, plant closings, layoffs, outsourcing, income tax returns, cayman islands in the bermudas. they took a baseball bat and beat romney's brains and in the six or seven swing states and that is why his numbers are upside down and that is why he has had so many problems until now. why they did that i don't know. i've been asking that question since june and i just think it was a huge miscalculation and the romney campaign family intervention that politico reported the other day basically tried to introduce him. this is what they should've done and the intervention that was reported was that mrs. romney and tad romney the oldest son of mitt romney went to his father and said you have to change things. is that the essence of of the? >> yeah and the family have wanted to take the charlie cook approach and alluded to the fact that their big bad from the beginning, the stuart steven sperry, the chief strategist very in the campaign was that all you had to be was not obama and that turned out to be wrong. you see it in the different channels they are doing now. no, you have to be yourself and n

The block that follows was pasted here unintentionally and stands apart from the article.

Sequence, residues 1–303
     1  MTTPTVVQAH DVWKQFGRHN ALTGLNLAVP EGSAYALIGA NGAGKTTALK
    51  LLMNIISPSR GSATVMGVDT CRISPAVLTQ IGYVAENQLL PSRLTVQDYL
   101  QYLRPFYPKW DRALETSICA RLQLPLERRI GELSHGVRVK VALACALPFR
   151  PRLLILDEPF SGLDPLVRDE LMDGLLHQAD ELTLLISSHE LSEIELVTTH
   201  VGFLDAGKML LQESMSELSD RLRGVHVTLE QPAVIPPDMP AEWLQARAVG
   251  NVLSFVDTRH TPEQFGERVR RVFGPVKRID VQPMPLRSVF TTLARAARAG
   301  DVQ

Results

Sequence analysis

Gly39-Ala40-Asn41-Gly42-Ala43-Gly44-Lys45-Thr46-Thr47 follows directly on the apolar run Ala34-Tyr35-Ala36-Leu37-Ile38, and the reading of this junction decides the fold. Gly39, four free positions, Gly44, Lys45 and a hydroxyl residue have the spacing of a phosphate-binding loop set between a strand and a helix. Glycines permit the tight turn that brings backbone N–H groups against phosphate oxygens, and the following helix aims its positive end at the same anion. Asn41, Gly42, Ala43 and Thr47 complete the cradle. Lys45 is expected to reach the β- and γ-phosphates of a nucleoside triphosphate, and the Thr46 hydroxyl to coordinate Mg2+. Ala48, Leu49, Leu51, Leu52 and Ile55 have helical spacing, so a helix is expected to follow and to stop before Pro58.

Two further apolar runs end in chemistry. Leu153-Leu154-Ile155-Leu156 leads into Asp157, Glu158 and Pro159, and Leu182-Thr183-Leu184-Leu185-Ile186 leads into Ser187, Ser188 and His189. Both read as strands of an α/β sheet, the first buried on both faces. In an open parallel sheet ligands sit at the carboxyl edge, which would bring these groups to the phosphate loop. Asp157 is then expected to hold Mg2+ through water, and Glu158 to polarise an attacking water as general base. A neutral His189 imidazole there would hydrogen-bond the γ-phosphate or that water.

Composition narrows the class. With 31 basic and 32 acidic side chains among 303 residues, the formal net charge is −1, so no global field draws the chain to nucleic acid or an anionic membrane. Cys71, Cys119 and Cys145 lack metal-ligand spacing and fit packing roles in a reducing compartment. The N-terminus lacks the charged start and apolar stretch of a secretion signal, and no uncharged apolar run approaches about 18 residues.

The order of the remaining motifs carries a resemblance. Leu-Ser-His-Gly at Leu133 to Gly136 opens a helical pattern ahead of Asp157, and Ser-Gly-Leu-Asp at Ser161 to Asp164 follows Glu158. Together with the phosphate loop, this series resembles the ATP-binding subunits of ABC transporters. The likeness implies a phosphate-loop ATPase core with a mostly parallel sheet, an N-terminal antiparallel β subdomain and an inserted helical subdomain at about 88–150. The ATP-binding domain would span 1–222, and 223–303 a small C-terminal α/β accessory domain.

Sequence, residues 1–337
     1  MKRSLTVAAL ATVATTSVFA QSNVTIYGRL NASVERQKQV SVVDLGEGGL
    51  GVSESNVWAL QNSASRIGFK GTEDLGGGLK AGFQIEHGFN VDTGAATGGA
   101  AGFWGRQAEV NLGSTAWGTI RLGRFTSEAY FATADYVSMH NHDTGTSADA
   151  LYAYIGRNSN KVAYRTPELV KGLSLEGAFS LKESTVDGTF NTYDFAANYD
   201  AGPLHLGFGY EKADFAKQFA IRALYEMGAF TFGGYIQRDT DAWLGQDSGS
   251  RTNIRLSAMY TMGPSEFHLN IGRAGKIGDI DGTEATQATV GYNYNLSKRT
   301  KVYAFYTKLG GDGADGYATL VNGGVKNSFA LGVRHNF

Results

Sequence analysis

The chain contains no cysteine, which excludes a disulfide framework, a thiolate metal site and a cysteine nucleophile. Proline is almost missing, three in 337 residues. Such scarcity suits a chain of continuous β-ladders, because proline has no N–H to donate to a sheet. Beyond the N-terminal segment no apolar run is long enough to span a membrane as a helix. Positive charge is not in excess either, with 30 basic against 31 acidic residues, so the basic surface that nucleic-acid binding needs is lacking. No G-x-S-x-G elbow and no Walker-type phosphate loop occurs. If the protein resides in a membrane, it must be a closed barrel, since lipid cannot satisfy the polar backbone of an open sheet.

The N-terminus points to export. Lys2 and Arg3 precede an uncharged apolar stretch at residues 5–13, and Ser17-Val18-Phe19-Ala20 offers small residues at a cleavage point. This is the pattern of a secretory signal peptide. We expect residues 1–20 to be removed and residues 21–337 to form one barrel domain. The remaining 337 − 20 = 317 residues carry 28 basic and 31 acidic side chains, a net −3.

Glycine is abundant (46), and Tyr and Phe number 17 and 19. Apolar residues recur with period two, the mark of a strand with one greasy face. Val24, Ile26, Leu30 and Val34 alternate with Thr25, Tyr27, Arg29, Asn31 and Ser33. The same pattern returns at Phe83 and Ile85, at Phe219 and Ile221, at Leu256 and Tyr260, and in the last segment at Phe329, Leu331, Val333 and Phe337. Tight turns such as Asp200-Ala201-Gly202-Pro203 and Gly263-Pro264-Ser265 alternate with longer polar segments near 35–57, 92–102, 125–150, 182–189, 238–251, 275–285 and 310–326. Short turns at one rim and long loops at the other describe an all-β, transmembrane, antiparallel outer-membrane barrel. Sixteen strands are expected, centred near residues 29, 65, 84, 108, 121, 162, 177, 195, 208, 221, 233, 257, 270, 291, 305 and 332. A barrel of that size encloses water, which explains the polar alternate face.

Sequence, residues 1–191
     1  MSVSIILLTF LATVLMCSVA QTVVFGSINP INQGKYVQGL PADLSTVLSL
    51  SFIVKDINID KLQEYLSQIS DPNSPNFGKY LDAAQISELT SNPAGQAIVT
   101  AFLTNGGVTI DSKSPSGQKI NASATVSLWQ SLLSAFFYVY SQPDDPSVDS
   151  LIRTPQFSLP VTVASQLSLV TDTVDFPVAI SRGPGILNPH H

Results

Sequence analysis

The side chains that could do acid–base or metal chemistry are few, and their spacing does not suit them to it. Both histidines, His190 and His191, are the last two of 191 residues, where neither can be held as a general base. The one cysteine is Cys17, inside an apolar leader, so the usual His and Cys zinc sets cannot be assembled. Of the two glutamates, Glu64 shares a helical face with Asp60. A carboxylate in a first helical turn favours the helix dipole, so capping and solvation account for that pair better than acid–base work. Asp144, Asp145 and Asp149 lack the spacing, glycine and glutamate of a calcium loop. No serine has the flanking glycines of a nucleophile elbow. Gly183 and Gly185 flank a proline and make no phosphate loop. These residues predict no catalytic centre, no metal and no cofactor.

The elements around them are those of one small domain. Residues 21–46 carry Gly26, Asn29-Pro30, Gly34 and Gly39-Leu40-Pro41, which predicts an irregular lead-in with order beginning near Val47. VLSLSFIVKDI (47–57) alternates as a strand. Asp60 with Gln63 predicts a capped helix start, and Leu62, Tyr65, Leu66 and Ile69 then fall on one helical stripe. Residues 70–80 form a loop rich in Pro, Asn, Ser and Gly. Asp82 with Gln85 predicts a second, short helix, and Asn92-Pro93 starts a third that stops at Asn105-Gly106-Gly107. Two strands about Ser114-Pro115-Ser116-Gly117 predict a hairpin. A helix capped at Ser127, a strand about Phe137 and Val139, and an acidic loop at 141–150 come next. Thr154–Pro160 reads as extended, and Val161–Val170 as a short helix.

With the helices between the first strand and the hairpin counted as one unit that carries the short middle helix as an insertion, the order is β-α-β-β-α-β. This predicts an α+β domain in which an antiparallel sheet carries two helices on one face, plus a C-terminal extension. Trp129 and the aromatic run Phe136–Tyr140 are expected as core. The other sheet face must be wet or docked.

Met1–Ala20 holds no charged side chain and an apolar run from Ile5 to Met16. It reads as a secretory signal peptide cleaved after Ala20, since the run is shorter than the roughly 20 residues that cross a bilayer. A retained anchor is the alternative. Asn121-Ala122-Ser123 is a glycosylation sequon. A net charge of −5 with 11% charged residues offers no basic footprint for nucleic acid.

, i never have enough money to do it. the middle class needs relief, tax relief, they need help now. the focus will change with barack obama. >> moderator: governor, please, if you want to respond to what he said about -- palin: i'd like to respond about the tax increases. you know, we can speak in agreement that darn right we need tax relief for americans so that jobs can be created here. now, barack obama and senator biden also voted for the largest tax increases in u.s. history. barack had 94 opportunities to side on the people's side and reduce taxes, and 94 times he voted to increase taxes or not support a tax reduction. 94 times. now, that's not what we need to create jobs and really bolster and heat up our economy. we do need the private sector to be able to keep more of what we earn and produce. government's going to have to learn to be more efficient and live with less if that's what it takes to rein in the government growth that we've seen today. but we do need tax relief, and barack obama even supported increasing taxes as late as last year for those families making only